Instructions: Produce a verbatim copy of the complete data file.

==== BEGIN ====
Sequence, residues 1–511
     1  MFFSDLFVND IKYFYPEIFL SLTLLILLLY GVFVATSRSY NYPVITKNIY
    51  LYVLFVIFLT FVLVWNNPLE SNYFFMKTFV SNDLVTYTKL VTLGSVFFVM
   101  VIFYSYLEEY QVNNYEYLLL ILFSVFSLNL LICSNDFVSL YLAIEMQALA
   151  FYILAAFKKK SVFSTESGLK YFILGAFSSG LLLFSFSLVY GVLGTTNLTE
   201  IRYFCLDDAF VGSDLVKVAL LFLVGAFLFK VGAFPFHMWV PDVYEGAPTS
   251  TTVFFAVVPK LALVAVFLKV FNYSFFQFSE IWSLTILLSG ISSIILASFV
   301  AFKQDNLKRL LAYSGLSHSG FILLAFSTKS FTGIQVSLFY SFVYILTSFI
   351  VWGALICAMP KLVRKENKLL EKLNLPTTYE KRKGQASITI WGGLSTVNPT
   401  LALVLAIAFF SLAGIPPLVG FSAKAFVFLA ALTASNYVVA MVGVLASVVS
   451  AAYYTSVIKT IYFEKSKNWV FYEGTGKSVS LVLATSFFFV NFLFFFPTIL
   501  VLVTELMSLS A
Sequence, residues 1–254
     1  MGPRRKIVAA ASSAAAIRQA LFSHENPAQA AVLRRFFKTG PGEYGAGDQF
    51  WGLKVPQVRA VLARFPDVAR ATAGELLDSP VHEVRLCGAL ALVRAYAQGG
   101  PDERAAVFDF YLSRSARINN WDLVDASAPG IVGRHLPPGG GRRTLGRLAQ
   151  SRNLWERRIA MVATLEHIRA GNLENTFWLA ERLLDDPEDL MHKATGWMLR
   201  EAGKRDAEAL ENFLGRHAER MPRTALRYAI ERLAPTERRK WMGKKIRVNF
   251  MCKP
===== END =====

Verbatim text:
Sequence, residues 1–511
     1  MFFSDLFVND IKYFYPEIFL SLTLLILLLY GVFVATSRSY NYPVITKNIY
    51  LYVLFVIFLT FVLVWNNPLE SNYFFMKTFV SNDLVTYTKL VTLGSVFFVM
   101  VIFYSYLEEY QVNNYEYLLL ILFSVFSLNL LICSNDFVSL YLAIEMQALA
   151  FYILAAFKKK SVFSTESGLK YFILGAFSSG LLLFSFSLVY GVLGTTNLTE
   201  IRYFCLDDAF VGSDLVKVAL LFLVGAFLFK VGAFPFHMWV PDVYEGAPTS
   251  TTVFFAVVPK LALVAVFLKV FNYSFFQFSE IWSLTILLSG ISSIILASFV
   301  AFKQDNLKRL LAYSGLSHSG FILLAFSTKS FTGIQVSLFY SFVYILTSFI
   351  VWGALICAMP KLVRKENKLL EKLNLPTTYE KRKGQASITI WGGLSTVNPT
   401  LALVLAIAFF SLAGIPPLVG FSAKAFVFLA ALTASNYVVA MVGVLASVVS
   451  AAYYTSVIKT IYFEKSKNWV FYEGTGKSVS LVLATSFFFV NFLFFFPTIL
   501  VLVTELMSLS A
Sequence, residues 1–254
     1  MGPRRKIVAA ASSAAAIRQA LFSHENPAQA AVLRRFFKTG PGEYGAGDQF
    51  WGLKVPQVRA VLARFPDVAR ATAGELLDSP VHEVRLCGAL ALVRAYAQGG
   101  PDERAAVFDF YLSRSARINN WDLVDASAPG IVGRHLPPGG GRRTLGRLAQ
   151  SRNLWERRIA MVATLEHIRA GNLENTFWLA ERLLDDPEDL MHKATGWMLR
   201  EAGKRDAEAL ENFLGRHAER MPRTALRYAI ERLAPTERRK WMGKKIRVNF
   251  MCKP